Priceline (NASDAQ:PCLN) stock was rising strongly early Thursday after the online travel leader delivered rock-solid financial performance for the quarter ended in December. Euro depreciation is a considerable drag on Priceline's European business, and the company is facing increased competitive pressure from rival Expedia (NASDAQ:EXPE), a reason for concern among Wall Street analysts lately. However, Priceline is proving that it has what it takes to continue thriving under all kinds of conditions.
Healthy top-line growth
Total gross travel bookings purchased by customers were $10.7 billion during the last quarter, an increase of 17% year over year and growing 23% on a local currency basis. International bookings were remarkably strong, growing 19% in U.S. dollars and 27% when excluding currency fluctuations. Domestic bookings, on the other hand, increased only 3.4% versus the same quarter in the prior year.
Nearly 87% of Priceline's gross travel bookings came from international markets during the quarter, so the company is doing remarkably well where it counts the most.
The hotel business was a major driver for Priceline; customers booked 78.2 million hotel nights during the quarter, a year-over-year increase of 24%. Rental car days grew 16% to 11 million, while plane tickets reservations declined 4% to 1.7 million.
Total sales increased 19.4% to $1.84 billion. The number was better than the $18 billion in revenues expected on average by Wall Street analysts, and also above the company's own guidance for a sales increase of between 11% and 18% during the quarter.
Expanding profit margins
The agency business model is when Priceline simply matches buyers and sellers, making a commission for every transaction. In the merchant segment, the company purchases inventory and then resells it to travelers. Most of the company's growth is coming from the agency model, growing 18.5% in the last quarter versus an increase of 7.9% in the merchant division. Fortunately for investors in Priceline stock, this has positive implications on profit margins.
Total gross profit for the quarter ended in December was $1.7 billion, an annual increase of 26% in U.S. dollars, and growing by an impressive 32% on a local currency basis. As a percentage of revenue, gross margin came in at a stratospheric 91%, a material increase versus 87% in the same quarter during the previous year.
Priceline is spending tons of money on marketing and advertising: Online advertising spending grew 25% to almost 500 million, and offline advertising increased 74% to $48.2 million. Sales and marketing expenditures grew 45% to $85.5 million during the last quarter.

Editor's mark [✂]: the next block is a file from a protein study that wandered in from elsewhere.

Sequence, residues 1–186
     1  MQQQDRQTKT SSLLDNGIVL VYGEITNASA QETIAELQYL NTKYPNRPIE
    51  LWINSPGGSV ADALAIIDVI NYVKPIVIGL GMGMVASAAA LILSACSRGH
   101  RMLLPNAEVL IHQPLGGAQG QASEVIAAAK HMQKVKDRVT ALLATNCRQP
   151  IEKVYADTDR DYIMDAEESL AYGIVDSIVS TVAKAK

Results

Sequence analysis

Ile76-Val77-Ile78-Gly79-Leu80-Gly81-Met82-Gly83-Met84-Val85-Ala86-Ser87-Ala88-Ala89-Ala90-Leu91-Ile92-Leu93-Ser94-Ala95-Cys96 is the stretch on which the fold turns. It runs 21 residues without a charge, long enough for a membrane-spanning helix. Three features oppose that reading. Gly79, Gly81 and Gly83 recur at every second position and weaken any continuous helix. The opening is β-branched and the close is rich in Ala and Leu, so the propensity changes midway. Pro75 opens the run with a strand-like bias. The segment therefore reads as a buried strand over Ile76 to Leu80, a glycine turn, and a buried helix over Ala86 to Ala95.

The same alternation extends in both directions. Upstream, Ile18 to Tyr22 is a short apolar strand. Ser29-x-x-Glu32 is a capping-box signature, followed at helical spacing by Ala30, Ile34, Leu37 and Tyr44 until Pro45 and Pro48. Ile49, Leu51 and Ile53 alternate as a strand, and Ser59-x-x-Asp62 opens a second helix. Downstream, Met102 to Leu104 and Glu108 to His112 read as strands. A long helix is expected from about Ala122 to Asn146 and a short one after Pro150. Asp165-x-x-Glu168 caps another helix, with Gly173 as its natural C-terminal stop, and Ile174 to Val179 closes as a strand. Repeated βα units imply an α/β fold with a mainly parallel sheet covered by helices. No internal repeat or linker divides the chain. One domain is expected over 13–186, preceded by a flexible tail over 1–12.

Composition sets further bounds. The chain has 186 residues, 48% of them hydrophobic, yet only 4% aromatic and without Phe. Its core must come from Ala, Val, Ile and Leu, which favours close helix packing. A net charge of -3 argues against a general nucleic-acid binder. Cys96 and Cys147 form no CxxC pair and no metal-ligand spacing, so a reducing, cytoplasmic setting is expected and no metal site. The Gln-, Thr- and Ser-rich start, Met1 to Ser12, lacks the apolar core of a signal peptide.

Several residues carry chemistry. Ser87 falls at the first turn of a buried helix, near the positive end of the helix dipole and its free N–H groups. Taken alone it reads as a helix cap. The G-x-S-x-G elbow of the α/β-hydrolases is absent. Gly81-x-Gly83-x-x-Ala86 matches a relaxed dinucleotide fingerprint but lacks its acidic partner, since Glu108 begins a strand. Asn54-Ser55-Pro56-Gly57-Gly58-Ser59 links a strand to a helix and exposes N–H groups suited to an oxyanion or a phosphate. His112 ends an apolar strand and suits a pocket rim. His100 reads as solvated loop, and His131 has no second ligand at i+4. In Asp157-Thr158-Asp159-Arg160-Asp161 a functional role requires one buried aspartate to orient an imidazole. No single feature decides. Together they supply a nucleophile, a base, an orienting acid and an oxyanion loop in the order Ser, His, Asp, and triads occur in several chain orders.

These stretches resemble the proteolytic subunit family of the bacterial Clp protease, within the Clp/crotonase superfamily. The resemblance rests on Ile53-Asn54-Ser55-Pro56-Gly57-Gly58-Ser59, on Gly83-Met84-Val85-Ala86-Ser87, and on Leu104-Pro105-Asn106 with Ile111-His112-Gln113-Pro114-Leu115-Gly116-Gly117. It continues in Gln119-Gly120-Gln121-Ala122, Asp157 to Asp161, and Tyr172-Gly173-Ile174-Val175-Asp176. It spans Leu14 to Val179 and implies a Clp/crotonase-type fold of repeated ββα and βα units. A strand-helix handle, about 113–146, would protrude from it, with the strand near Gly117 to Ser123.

Still, this didn't stop the company from delivering a big increase of 23% in adjusted EBITDA, reaching $712 million in the period. Adjusted net income grew 22% to $577 million.
At the end of the day, adjusted earnings per share came in at $10.85, an annual increase of 22.6%, and better than the $10.10 per share forecast on average by Wall Street.
For the first quarter of 2015, management is expecting a year-over-year increase of between 2% and 9% in gross travel bookings measured in U.S. dollars, and an increase in the range of 14% to 21% on a local currency basis. Revenues are forecast to grow between 4% and 11% during the coming quarter.
The numbers don't look particularly exciting, however -- Priceline tends to consistently under-promise and over-deliver. If past history is any valid guide, chances are the company will report financial figures considerably above its own guidance.
Priceline also announced that management got authorization from the board to repurchase up to $3 billion in common stock. This can be interpreted as a sign of confidence and optimism on the company's future, in the words of CEO Darren Houston: "We believe that buying our stock is a wise investment of our capital and demonstrates our confidence in the long-term outlook for our business."
In spite of operating in a challenging macroeconomic environment and facing increased competitive pressure, Priceline delivered impressive financial performance for the most recent quarter. Even a mediocre company can do well when the wind is at its back, but it takes a particularly solid business to outperform under difficult conditions. Investors in Priceline stock have valid reasons to applaud the company's latest earnings report.
Andrés Cardenal owns shares of Priceline Group. The Motley Fool recommends Priceline Group. The Motley Fool owns shares of Priceline Group. Try any of our Foolish newsletter services free for 30 days. We Fools may not all hold the same opinions, but we all believe that considering a diverse range of insights makes us better investors. The Motley Fool has a disclosure policy.